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Homework Help: Coulumbs Force question

  1. Feb 14, 2009 #1
    1. The problem statement, all variables and given/known data
    A charged particle A exerts a force of 2.62microNewtons to the right on a charged particle B when the particles are 13.7 mm apart. Particle B moves straight away from A to make the distance between them 17.7mm. What vector force does it then exert on A?


    2. Relevant equations
    I know its easy, very, but for the love of god I can't figure this out.


    3. The attempt at a solution
    I know that they are both positive particles, so im assuming both are +1.60x10^-19c.
    Also I believe we use F= (K q1 q2/r^2). Ive tried inserting different things in to the formula but none of it gives me the answer im looking for which is 1.57micronewtons
     
  2. jcsd
  3. Feb 14, 2009 #2

    Delphi51

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    Yes, use use F= (K q1 q2/r^2).
    No need to assume a charge. Put in the force and distance for the first position, and calculate the value of K q1 q2. This will carry over to the new distance.
    Knowing that and the new distance, you can calculate the new force.
     
  4. Feb 14, 2009 #3

    Redbelly98

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    I wouldn't make that assumption ... I see nothing in the problem statement that would allow this.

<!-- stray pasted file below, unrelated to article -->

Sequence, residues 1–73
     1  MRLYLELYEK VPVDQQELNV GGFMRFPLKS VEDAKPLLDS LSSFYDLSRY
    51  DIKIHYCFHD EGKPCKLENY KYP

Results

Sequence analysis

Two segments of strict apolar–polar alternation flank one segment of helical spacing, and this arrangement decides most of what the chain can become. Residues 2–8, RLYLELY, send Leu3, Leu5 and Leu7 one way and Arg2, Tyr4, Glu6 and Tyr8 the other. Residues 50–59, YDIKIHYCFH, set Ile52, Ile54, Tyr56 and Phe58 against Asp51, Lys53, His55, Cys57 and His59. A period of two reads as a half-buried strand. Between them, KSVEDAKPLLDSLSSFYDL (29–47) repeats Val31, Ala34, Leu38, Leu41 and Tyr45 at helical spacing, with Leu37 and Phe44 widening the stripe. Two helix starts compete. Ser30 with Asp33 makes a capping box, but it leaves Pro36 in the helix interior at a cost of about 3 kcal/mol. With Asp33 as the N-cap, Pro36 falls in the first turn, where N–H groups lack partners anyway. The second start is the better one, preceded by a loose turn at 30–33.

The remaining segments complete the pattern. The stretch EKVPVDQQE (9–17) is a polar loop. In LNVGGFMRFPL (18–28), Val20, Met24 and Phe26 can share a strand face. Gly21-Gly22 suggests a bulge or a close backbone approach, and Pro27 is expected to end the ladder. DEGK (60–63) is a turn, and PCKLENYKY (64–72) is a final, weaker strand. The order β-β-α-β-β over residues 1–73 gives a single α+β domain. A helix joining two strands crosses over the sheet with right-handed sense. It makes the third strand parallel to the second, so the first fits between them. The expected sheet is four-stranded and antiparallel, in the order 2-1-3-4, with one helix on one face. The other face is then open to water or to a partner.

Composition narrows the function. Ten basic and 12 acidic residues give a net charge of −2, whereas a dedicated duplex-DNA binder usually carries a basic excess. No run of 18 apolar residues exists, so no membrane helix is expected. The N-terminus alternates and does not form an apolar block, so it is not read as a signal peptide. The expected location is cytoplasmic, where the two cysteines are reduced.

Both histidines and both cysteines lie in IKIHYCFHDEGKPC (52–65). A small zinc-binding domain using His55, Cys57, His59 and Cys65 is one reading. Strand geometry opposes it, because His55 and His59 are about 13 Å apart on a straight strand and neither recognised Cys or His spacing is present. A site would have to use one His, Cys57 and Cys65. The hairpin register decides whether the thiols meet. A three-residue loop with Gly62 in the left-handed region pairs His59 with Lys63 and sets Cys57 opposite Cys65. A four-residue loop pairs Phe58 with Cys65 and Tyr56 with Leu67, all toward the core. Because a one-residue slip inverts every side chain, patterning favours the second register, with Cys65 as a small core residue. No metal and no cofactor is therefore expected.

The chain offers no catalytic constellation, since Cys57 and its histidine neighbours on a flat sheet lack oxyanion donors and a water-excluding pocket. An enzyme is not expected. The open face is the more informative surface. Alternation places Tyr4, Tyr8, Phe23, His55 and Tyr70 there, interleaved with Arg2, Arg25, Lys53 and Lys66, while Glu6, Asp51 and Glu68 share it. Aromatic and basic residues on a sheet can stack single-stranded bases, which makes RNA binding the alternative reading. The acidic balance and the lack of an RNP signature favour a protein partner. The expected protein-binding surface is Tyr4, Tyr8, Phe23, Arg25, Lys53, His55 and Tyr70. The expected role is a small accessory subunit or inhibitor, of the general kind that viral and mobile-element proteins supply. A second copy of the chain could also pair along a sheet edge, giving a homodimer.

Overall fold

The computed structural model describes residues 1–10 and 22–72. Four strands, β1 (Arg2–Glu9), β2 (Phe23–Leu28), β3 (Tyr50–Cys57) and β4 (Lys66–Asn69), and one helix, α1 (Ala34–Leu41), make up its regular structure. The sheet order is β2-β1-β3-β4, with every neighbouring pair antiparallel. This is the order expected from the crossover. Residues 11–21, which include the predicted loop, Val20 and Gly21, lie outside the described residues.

Yes, that is the equation for this problem.
    Here's a question: what must the product (q1 q2) be equal to, so that the force is 2.62 μN when r=13.7mm?

    EDIT: Delphi gave even better advice. What is (K q1 q2) when the force is 2.62 μN and r=13.7mm?
     
  5. Feb 14, 2009 #4
    alright, well K=8.99 x 10^9

    so the formula should look like this now. r x [square root of F/k] = q1 q2
    inputting everything it looks like this
    (0.0137m) times square root of (2.62 x 10^-7 N )/(8.99 x 10^9) = 7.39 x 10^-11
    equaling that to q1 q2. this is one part im stuck on, I'll be able to get the rest but I don't know what to do with both unknowns.
     
  6. Feb 14, 2009 #5

    Delphi51

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    If q1 q2 is bothering you, make this change in the formula: C = q1 q2.
    Then you will have only the one unknown!
    The important thing is that C is a constant in this problem.
    Even better: let C = kq1 q2. Saves wear on the calculator!
     
  7. Feb 14, 2009 #6

    Redbelly98

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    Uh, wait, that should be
    r^2 x F/k = q1 q2​
     
  8. Feb 14, 2009 #7
    there we go, again thanks everyone. that was what was screwing up my answer, I saw another equation like the one I put up for a similar question so I thought I could apply it here. I see now that I can't. again thanks.
     
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